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Tijeras Creek Remediation Project

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Click here to view photos from the Tijeras Creek Remediation Project!

2012 Rehabilitation Project 

With funding provided by the NM Soil and Water Conservation Commission, and in-kind assistance from Bernalillo County, Ciudad SWCD in late 2012 worked with Adaptive Terrain Systems, Inc. to rehabilitate the Tijeras Creek Project.  The rehabilitation project re-established the stormwater detention and erosion reduction functionality of the facility.  Please see above for photos of the rehabilitation project.  Pertinent documents can be viewed and downloaded at the end of this page.

Read a Querencia Green blog about the Tijeras Creek Project!

View Power Point slides from an October 2014 presentation by Jim Brooks, Adaptive Terrain Systems, at the NMASLA Innovations in Stormwater workshop, featuring the Tijeras Creek Project!

Read and download a Tijeras Creek Restoration Project Site Guide produced by Master Naturalist Rick Hada.


Tijeras Creek is a small but important intermittent (once perennial) stream that carries water from the east flank of the Sandia Mountains to the Albuquerque Basin, where it sinks into the sandy soil to eventually recharge the aquifer from which the city draws its water supply. The creek flows through the Village of Tijeras, which has experienced significant growth in recent years. That growth brought new buildings for a library, post office, and businesses, as well as expanded community center and school buildings, with their associated parking lots and playgrounds.

When rain or snow falls on forest or grasslands, most of it tends to soak into the ground. It becomes available to plant roots and microorganisms living in the soil, freeing up nutrients for the trees and shrubs, grasses, and wildflowers. Excess water runs off toward the lowest point, usually an arroyo or stream.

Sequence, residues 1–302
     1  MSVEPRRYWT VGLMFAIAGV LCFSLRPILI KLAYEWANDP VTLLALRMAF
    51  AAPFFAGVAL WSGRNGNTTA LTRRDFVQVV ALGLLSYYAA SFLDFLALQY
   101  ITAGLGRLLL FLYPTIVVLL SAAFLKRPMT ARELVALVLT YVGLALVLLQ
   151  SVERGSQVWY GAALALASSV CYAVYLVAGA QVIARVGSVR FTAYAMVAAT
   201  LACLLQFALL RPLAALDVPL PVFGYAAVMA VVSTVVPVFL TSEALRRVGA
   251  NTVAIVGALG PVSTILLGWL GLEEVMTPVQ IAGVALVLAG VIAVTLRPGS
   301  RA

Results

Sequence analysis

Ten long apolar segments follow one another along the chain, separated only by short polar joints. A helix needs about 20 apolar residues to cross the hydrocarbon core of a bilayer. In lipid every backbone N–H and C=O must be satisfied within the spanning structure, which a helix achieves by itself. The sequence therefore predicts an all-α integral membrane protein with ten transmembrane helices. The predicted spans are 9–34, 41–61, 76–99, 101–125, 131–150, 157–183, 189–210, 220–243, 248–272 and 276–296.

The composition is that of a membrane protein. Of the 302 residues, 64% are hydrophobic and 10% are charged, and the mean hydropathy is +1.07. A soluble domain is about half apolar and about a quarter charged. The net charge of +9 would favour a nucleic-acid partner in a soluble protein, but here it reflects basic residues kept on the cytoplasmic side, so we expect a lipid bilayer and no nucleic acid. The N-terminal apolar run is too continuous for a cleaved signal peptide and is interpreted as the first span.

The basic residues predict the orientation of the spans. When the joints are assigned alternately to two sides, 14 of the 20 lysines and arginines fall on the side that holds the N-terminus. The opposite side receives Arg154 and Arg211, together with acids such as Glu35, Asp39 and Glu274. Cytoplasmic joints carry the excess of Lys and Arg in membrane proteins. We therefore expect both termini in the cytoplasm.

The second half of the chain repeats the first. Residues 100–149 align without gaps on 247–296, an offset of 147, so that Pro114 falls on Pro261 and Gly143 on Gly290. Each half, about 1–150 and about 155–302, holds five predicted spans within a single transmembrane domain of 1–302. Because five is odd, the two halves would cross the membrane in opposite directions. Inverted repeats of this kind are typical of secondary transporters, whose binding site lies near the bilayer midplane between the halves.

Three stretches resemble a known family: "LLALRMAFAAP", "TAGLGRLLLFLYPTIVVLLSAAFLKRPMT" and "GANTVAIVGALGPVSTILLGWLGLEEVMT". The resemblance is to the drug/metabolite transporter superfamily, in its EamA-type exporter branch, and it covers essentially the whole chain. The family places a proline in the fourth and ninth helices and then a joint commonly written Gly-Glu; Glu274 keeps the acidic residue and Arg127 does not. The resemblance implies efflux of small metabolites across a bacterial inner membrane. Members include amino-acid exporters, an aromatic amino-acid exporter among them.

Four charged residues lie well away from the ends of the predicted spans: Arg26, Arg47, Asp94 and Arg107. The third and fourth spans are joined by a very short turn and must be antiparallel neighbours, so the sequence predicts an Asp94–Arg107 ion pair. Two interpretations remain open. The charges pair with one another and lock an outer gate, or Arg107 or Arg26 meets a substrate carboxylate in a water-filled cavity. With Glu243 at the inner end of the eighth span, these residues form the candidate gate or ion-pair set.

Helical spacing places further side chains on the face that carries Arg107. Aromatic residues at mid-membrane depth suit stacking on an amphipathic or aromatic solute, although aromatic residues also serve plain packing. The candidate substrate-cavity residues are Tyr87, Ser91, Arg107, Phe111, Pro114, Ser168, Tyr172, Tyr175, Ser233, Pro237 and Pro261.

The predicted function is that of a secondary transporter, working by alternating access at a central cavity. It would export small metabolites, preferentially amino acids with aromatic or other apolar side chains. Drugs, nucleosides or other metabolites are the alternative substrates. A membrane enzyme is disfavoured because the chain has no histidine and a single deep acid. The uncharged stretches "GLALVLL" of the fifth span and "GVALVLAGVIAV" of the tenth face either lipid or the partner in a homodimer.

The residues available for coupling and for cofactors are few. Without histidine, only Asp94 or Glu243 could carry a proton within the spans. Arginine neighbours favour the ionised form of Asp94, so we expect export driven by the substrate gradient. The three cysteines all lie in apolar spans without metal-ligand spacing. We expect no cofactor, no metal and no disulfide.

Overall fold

Urbanization - the change from a natural environment to a man-made setting with buildings and pavement - leads to changes in the natural areas that remain. Runoff from roofs and roadways doesn't have as much opportunity to infiltrate. The resultant larger volume of surface water collects and flows over the landscape faster than it did before, picking up pollutants like oil and salt from the roads. The higher, faster flows coming off the pavement have enough force to wash away soil particles once they reach unpaved ground, creating gullies that funnel ever more pollutant-laden runoff towards the stream.

This process can be seen along a reach of Tijeras Creek north of the A.  Montoya- Roosevelt campus. Runoff from the schools' roofs, parking lots, and playground flows to several drains that empty into the riparian (riverside) area. During summer monsoons, the flows are strong enough to erode deep gullies, despite the abundance of vegetation near the creek. This runoff carries sediment and other pollutants to Tijeras Creek. Increased runoff from urbanized areas up and down the creek multiply the effect, leading to bigger floods, more erosion, and lower water quality overall.

In the mid-1990s, A. Montoya Elementary School had an immediate problem with water from the roof undermining the building foundation and washing the soil across the sidewalks and driveway. The Ciudad Soil and Water Conservation District installed a natural water harvesting system that catches the runoff before it can cause damage, and uses it to water some landscaping in front of the main building. We were able to solve the problem by treating the water as an asset instead of a liability. The Tijeras Creek Project applies the same conservation principles to the campus as a whole, helping the community work toward keeping our natural resources healthy in an urban environment.

The Tijeras Creek Project demonstrates methods that can be used to slow the flows leaving the school grounds and filter out pollutants from the runoff. Structures such as stilling basins (small ponds with protected bottoms) at the drain outlets and swales (shallow, nearly-level trenches) have been combined with replacement plantings, reshaping eroded areas and enhanced infiltration to allow as much water as possible to soak into the soil within the riparian zone. The runoff that reaches Tijeras Creek now flows slower and cleaner again, much like it did before urbanization.